In the last UK general election the Scottish National Party won all but three of Scotland’s 59 seats in Westminster. This time, however, the battle for seats like Moray is set to be much tighter. Peter Geoghegan reports.
Moray is Scotland in miniature - the picturesque northeast combines rugged beauty and heavy industry. The glens, peppered with flowering heather, are home to around 40 whisky distilleries. There are snowcapped Cairngorm mountains to the south and the sea to the north. In between are military bases and fields of rich farmland.
Moray (pronounced "murray") is also witnessing a local version of the key general election battle in Scotland - between the dominant Scottish National Party (SNP) and Scottish Conservatives hopeful of making gains on the back of the party's vociferous opposition to a second referendum on Scottish independence after the 2014 vote against breaking up the UK.
In May's elections to the local council, the Conservatives gained five seats, finishing one behind the SNP. Moray also recorded the strongest pro-exit Brexit vote of any council area in Scotland in last year's referendum on European Union membership. Many of those who backed Leave were connected to the traditional fishing communities that once thrived along the coast of the Moray Firth.
Obsession with independence
Douglas Ross, a Conservative regional member of the devolved Scottish parliament in Edinburgh, is the Tory candidate in Thursday's vote. He says local opposition to a second referendum on Scottish independence - which SNP leader Nicola Sturgeon called for in the wake of the Brexit vote - could help his party to win a Westminster seat in Moray for the first time since 1987.
"People on the doorsteps are so fed up with Nicola Sturgeon's obsession with independence," says Ross, who gave up farming to go into politics and is still a professional linesman in the top flight of Scottish soccer. "When you have momentum behind your campaign and you have people that are disenfranchised and angry at the SNP, then there is everything to play for."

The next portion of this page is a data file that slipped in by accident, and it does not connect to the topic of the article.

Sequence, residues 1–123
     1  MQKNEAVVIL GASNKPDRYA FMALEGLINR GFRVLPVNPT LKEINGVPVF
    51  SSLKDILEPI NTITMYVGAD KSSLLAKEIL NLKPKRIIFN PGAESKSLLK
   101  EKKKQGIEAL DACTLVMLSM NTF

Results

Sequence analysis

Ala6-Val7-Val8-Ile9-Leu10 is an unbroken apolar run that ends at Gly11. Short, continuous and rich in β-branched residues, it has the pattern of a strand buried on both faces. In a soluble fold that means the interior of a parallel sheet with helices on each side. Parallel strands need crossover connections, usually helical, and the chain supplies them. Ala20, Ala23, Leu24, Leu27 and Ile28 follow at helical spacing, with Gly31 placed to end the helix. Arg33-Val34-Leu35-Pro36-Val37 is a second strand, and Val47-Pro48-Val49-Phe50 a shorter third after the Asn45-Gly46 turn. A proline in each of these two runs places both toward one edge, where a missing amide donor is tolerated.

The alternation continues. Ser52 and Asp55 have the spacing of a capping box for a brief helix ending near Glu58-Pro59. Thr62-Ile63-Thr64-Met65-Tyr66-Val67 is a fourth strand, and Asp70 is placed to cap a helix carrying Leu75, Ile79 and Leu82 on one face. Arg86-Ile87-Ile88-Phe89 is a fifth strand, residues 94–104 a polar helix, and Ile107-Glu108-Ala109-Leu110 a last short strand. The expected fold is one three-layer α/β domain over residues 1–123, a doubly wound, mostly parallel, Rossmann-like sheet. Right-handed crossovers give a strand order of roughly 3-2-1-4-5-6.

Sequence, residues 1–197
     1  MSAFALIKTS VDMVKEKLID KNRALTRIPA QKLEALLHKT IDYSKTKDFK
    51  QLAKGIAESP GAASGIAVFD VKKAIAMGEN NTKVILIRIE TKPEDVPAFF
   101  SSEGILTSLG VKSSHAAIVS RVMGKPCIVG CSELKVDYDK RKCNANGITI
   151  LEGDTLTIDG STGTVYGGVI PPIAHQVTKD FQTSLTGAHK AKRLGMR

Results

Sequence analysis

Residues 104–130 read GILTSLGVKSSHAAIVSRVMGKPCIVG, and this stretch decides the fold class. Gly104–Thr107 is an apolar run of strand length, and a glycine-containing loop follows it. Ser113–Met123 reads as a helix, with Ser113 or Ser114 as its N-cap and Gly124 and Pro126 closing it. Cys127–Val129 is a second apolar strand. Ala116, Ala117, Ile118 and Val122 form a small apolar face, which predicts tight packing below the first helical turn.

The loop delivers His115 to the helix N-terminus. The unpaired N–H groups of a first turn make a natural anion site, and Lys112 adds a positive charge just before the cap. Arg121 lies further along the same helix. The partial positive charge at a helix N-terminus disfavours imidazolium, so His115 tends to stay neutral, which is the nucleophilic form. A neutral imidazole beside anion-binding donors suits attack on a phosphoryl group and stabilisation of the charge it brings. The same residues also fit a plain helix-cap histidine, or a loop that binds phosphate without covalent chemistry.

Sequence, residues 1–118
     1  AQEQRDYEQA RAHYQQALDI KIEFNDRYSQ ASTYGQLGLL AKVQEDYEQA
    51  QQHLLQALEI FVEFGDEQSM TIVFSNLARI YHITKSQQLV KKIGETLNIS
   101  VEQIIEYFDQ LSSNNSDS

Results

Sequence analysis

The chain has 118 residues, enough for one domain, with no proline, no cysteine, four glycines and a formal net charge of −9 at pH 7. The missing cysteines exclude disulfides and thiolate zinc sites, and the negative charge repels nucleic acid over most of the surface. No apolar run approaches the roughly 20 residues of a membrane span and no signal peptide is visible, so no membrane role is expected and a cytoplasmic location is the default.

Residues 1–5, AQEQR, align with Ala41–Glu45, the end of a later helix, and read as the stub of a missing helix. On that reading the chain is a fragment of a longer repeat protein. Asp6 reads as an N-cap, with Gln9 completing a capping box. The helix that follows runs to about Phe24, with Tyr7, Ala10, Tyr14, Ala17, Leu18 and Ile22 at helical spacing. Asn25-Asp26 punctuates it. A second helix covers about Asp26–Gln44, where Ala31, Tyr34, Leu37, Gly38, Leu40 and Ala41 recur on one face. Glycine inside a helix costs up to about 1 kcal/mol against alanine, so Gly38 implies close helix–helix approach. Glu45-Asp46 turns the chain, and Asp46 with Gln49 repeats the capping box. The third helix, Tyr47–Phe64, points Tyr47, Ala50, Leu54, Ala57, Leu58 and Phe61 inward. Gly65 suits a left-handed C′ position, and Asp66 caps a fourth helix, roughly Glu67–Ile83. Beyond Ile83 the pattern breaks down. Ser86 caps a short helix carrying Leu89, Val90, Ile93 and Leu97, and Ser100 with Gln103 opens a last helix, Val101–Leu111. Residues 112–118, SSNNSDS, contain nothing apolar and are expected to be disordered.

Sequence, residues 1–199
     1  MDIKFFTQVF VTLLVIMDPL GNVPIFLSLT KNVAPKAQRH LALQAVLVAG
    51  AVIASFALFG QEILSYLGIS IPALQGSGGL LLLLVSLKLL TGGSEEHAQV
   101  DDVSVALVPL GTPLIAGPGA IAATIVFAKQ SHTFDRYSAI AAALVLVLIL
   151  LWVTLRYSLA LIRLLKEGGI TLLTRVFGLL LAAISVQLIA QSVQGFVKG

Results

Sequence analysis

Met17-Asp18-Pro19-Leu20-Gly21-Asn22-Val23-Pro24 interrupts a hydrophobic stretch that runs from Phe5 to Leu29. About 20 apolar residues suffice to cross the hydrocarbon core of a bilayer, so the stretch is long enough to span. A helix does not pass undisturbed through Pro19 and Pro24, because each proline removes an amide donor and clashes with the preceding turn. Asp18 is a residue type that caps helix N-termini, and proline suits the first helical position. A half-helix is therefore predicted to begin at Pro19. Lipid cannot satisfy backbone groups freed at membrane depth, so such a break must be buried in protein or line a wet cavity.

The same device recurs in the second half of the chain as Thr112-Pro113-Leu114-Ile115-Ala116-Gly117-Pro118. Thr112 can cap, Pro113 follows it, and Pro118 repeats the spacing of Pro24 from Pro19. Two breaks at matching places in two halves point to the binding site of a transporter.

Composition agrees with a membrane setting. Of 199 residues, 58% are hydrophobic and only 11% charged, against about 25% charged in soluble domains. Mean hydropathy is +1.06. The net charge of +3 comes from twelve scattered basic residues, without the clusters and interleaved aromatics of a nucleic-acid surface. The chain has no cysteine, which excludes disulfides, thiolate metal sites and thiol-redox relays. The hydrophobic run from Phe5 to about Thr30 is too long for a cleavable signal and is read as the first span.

The SNP is certain to emerge as Scotland's largest party after June 8, but polls suggest the nationalists could lose seats. In 2015, the SNP won half the vote, but the pro-UK opposition was divided between the Conservatives, Labour and the Liberal Democrats. Now, the Tories believe they are best placed to capture the unionist vote.
"People are starting to listen to the Conservative party, to engage with what we have to offer, and our position over whether Scotland should stay in the union has meant people are starting to listen who hadn't for generations," says Nathan Wilson, a Tory councilor for Ravenscraig, once the site of a massive steelworks that was closed under a Conservative government.
At 23, Wilson is part of a new generation of Scottish Tories, many of whom were not even born in the 1980s when Margaret Thatcher became a hate figure for many Scots. They blamed her for the de-industrialization that ravaged large tracts of major Scottish cities. Having once been popular north of the border, the Tories saw their support collapse: the last time Conservatives held more than a single Scottish Westminster seat was back in 1992.